Similarly, while the scientific and technological gains in relevant economies of Asia are important achievements, the fact is that these economies have incurred acute vulnerabilities as a result of predicating their growth in these sectors of output upon a world market which is now about to experience the most calamitous collapse since Europe's Fourteenth-Century "New Dark Age." Not only is the world market on which these Asian economies depend at the verge of a steep and potentially prolonged collapse, but the recent gains in exports by some Asian economies correspond to excessive dependency on the products designed specifically for the American and European markets.

At the same time, the world as a whole faces a kind of what some will call a raw-materials crisis, as the rising demands of populous leading Asian economies create a new factor of marginal physical-cost of production per capita of a type implicit in the work of the subjects of the Biosphere and Noosphere by Russia's celebrated biogeochemist Vladimir Vernadsky. The inevitable rise in expectations among growing Asian populations exemplifies the fact that the threatened shortage of relatively rich primary resources within the Biosphere requires both revolutionary changes in modes of securing supplies and in the form of revolutionary increases in the relative productivity of labor. Nowhere is this approaching crisis more clearly shown than in the deadly threat of the rapidity of the decline in future supplies of presently exploited potable fossil-water potential of the planet.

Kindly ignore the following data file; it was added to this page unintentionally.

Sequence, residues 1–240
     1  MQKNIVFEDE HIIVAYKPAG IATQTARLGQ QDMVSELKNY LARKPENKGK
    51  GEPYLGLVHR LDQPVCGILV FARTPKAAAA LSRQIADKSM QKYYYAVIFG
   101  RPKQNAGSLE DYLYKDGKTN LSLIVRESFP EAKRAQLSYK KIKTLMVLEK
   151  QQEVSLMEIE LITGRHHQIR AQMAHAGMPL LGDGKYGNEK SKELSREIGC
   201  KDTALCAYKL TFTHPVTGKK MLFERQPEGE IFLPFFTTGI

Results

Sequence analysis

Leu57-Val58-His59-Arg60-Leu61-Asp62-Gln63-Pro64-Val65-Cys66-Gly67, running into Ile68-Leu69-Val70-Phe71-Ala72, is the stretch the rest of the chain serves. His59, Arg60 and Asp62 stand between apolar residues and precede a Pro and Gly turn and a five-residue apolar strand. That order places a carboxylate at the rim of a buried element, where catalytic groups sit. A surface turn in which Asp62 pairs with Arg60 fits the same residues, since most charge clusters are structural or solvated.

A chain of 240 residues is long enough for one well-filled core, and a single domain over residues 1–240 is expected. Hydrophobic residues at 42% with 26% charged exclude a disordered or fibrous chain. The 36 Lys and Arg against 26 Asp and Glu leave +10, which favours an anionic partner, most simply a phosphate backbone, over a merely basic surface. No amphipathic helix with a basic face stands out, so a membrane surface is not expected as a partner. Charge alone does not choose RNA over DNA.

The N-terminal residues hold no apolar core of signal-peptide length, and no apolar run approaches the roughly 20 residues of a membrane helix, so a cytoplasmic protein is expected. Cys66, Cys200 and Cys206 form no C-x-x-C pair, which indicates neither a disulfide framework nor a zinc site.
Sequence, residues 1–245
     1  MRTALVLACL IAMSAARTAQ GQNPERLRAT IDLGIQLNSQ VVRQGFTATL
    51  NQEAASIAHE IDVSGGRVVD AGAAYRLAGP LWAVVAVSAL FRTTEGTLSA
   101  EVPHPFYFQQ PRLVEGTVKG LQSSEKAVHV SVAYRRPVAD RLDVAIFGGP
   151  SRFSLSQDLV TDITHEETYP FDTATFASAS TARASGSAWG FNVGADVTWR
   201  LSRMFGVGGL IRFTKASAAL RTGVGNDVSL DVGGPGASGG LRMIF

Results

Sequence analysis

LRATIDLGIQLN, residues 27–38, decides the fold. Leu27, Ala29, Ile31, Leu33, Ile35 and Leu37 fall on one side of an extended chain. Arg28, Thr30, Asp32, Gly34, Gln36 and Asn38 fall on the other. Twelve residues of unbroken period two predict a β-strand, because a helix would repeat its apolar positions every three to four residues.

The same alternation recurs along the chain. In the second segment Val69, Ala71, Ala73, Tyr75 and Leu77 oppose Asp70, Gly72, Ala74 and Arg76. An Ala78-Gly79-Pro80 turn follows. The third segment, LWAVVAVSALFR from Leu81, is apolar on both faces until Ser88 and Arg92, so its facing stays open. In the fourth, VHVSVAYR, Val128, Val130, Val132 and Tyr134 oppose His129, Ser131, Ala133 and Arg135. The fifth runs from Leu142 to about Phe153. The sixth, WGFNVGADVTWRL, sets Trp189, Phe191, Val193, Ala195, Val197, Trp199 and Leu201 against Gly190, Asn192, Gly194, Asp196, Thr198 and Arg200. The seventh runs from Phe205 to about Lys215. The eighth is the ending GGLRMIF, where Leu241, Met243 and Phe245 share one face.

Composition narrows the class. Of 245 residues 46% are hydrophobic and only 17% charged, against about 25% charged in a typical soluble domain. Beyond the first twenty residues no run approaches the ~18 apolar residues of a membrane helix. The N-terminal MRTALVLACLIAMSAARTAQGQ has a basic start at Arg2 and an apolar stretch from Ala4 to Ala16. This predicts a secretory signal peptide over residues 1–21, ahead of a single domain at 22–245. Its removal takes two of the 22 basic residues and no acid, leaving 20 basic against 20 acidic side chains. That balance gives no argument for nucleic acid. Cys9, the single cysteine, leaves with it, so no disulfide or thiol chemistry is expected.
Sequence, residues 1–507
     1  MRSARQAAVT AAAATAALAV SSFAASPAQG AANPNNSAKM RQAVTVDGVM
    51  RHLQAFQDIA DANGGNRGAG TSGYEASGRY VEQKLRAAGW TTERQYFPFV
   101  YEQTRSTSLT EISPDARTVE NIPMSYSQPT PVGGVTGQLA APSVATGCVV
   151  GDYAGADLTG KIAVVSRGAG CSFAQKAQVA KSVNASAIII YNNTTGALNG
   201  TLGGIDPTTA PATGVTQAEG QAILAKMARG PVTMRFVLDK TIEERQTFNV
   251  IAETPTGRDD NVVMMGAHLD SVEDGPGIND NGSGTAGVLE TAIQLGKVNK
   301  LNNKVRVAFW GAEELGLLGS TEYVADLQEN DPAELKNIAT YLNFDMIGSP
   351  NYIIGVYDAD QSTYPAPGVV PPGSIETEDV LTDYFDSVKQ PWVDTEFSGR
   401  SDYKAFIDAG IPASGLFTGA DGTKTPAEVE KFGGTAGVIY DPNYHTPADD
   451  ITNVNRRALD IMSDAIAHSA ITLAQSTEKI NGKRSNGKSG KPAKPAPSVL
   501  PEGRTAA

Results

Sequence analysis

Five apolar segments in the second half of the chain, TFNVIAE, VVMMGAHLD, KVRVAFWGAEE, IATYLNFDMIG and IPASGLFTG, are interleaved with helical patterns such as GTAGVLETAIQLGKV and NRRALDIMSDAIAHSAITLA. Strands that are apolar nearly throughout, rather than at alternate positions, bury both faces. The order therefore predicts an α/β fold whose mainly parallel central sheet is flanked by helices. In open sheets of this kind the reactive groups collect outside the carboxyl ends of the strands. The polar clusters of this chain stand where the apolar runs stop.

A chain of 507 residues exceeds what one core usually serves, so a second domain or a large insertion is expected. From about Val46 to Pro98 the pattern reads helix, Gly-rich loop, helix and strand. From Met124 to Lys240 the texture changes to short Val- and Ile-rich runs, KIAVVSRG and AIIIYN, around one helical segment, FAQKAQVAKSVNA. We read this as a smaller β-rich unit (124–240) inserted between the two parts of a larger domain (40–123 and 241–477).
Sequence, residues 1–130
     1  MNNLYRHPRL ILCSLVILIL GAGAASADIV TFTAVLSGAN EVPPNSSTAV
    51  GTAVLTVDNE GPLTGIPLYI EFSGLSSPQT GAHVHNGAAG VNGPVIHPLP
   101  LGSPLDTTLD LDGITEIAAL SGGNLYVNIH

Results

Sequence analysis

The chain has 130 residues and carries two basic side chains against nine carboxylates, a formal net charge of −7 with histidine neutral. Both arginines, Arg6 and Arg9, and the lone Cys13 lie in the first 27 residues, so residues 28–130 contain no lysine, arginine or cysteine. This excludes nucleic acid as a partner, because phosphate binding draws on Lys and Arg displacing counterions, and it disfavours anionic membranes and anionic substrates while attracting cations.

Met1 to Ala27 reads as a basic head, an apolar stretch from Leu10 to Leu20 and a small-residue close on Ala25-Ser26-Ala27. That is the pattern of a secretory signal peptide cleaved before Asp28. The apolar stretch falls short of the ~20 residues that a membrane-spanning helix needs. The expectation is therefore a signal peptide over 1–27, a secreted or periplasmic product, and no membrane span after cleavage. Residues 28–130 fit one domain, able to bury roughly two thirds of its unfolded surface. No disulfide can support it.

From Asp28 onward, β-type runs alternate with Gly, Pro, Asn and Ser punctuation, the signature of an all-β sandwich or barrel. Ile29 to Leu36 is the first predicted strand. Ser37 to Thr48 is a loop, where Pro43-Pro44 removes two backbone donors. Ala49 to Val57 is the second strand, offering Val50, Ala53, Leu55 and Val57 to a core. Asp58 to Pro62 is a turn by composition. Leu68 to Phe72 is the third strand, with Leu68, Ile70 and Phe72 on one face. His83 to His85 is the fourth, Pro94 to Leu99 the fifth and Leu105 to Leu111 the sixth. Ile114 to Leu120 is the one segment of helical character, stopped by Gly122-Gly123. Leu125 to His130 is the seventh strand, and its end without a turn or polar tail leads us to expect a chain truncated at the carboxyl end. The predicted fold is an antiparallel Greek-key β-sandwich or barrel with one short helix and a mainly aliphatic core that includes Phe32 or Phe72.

These considerations confront us at a moment when the world's present economy is on the verge of the greatest financial collapse in modern history. Exactly when this will occur remains uncertain, but the crisis could break out tomorrow morning, or be postponed for a short while, perhaps a few months, but not much more. Only sweeping changes in world monetary and financial policy, and only a radical turn away from the idea of a "services economy" would enable the world to avoid an otherwise inevitable global breakdown crisis. The examples to be considered are, foremost, the way in which U.S. President Franklin Roosevelt took an economy which had crashed by one-half under his predecessor, President Herbert Hoover, and produced the greatest economy the world had even known within about a dozen years. We have the case of the first twenty years of Europe's post-1945 economic recovery, especially Germany, and the impetus given by the early years of President Charles de Gaulle's selection of special science-driver programs.